Ron Paul has filed a complaint with the World Intellectual Property Organization against the proprietors of RonPaul.com and RonPaul.org, according to a blog post on their site on Friday.
The authors of RonPaul.com see the move as the ultimate betrayal from a politician who, more than many others, depended on an astounding level of grassroots support on the Internet in order to keep his longshot presidential campaigns running.
"Last month, after Ron Paul expressed regret on the Alex Jones show over not owning RonPaul.com (in an interview titled "Ron Paul: The Internet Is Our Last Chance to Awaken America"), dozens of supporters urged us to contact Ron Paul to work out a deal," the owners of RonPaul.com write.
They say they offered Paul the use of RonPaul.org as a "free gift" but wanted to keep RonPaul.com. Their price, should Paul really want RonPaul.com, was $250,000.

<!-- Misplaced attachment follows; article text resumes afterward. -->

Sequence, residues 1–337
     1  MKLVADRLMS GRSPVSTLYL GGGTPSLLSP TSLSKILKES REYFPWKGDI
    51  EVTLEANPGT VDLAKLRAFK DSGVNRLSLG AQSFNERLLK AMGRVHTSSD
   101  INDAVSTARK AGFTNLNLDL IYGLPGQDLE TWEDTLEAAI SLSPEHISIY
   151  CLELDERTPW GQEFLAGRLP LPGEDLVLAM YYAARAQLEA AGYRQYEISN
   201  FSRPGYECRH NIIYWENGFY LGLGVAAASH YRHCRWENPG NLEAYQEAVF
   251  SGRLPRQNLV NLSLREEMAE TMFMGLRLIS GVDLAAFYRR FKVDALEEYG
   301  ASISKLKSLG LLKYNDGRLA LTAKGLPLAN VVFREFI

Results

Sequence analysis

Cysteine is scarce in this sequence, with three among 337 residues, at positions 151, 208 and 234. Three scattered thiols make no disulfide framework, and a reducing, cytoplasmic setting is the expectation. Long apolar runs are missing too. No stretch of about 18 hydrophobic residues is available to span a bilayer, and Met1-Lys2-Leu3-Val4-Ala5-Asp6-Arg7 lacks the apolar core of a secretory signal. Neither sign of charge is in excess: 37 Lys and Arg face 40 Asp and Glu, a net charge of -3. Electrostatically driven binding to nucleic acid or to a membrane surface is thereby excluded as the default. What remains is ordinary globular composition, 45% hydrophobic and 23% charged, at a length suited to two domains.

"Claims that we tried to sell Ron Paul "his name" for $250k or even $800k are completely untrue, and there is little doubt that our mailing list would have enabled Ron Paul to raise several million dollars for the liberty movement this year. It would have been a win/win/win situation for everyone involved," they write.
Even more shocking to the proprietors is that Paul's complaint was lodged with a U.N. agency, an organization that garners mistrust among libertarians.